In 2009, Saving Money Outweighs the Battle of the Bulge for New Year’s Resolutions
Survey says more than 80 percent of people are resolving to save money due to the economy, but many overlook shopping for car insurance as a way to save big bucks.
MAYFIELD VILLAGE, Ohio . — It’s resolution season. And in today’s unstable economy, people are resolving to trim more than just their waistlines; they plan to trim their budgets. According to a recent survey by leading car insurer, Progressive, more people are resolving to save money in 2009 than in 2008. In fact, those surveyed chose “save money” over other perennial resolutions like losing weight, quitting smoking, or getting a new job.
So how are people planning to keep that resolution? By doing typical things like cutting unnecessary costs and controlling household finances. More than 80 percent plan to eliminate nonessential items such as dining out, movies, and vacations, while nearly half (47 percent) will clip coupons.
“When trying to save money, people sometimes forget about things they might consider to be ’fixed’ costs, like car insurance. Few realize just how much they could save by shopping around and comparing rates,” said Rick Crawley, insurance expert for Progressive. “One in four people surveyed mistakenly believe that all car insurers charge the same rates when, in fact, people who switched to Progressive in the summer of 2007 reported saving over $350 on their annual premium.”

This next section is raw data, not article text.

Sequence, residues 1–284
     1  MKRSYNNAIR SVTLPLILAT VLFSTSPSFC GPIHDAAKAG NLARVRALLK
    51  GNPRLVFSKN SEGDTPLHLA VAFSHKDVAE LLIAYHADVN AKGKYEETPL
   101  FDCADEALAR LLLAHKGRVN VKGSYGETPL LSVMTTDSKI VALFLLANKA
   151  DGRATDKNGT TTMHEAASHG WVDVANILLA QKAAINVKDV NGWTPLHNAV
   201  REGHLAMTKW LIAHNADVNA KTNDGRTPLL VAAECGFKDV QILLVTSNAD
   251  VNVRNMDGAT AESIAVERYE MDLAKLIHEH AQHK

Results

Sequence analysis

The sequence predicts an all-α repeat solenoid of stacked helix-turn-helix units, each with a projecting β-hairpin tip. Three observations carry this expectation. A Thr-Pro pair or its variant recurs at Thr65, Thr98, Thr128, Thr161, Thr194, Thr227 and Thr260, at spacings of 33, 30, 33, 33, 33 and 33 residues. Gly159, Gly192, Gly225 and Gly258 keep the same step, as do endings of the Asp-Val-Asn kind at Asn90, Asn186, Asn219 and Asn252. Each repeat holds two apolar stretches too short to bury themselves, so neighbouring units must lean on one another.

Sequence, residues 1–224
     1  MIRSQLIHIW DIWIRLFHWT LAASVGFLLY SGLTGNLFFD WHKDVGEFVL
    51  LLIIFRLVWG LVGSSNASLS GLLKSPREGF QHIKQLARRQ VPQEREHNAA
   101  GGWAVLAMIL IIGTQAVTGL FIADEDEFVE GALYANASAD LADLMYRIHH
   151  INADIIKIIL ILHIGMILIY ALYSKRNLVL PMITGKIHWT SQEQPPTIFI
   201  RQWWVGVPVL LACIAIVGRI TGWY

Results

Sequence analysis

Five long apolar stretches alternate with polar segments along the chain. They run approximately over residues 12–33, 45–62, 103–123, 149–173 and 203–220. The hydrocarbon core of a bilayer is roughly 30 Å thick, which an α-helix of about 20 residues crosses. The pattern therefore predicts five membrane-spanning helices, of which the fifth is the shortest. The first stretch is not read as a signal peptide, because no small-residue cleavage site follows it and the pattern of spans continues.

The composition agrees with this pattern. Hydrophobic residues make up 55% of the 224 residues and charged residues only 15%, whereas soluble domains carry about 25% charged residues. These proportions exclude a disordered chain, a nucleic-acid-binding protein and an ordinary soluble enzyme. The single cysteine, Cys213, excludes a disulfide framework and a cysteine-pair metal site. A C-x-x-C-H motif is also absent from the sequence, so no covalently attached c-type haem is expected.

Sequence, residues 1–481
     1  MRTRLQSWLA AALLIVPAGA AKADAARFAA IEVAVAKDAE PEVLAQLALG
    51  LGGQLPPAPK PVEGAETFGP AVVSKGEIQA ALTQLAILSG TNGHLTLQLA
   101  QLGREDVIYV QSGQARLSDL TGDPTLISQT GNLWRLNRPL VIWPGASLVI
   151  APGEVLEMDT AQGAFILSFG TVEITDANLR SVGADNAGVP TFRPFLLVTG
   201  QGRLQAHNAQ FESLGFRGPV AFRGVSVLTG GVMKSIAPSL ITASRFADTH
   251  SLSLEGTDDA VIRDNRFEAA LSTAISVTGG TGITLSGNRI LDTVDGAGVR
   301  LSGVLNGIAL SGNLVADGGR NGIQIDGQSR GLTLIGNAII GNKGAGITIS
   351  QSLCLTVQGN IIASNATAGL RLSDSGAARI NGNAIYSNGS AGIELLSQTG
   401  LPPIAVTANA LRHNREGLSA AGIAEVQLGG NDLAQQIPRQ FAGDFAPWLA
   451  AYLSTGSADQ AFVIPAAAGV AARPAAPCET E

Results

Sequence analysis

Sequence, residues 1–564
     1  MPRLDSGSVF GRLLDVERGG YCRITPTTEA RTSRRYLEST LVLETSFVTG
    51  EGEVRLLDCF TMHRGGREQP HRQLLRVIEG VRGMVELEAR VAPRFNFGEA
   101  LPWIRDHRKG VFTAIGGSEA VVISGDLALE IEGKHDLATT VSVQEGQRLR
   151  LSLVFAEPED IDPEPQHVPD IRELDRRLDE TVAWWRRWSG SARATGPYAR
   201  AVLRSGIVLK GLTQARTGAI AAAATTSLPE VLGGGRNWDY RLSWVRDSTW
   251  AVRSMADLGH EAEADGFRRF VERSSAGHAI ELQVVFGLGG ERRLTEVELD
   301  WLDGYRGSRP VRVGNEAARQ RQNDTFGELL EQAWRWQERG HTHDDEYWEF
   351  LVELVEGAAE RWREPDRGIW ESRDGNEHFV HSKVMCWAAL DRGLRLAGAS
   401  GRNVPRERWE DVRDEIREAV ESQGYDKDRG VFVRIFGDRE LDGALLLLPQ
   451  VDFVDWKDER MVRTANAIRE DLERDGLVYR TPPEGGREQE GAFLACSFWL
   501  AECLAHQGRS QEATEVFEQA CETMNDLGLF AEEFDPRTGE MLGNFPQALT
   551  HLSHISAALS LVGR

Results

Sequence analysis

There are other ways to save money that also have “green” benefits, which men lead women in, according to the survey: they’re more likely to take public transportation (14 percent versus 8 percent), carpool (14 percent versus 11 percent), or drive a more fuel-efficient car (16 percent versus 9 percent).
But no matter how they’re getting around, car insurance is a necessary expense for many and an easy place to start saving. In addition to shopping around, Progressive offers these tips to help people manage their car insurance costs in the New Year:
Make sure your policy is up to date. If you’ve moved, gotten married, or bought a home, check with your insurance company — you may be eligible for lower rates.
Raise your deductibles. According to the Insurance Information Institute, raising your deductibles to $500 could reduce your Collision and Comprehensive costs by 15 to 30 percent.
Research before you buy. Before you buy a new car, research what it will cost to insure. Generally, smaller cars with lower horsepower are less expensive to cover.
Check coverages. Owners of older or inexpensive cars could consider dropping Comprehensive and Collision coverages. Doing that can save hundreds of dollars each year.
Check for available discounts. You might also be eligible for discounts if you pay in full, are a loyal customer, sign up for paperless billing, list another car on your policy, and more.
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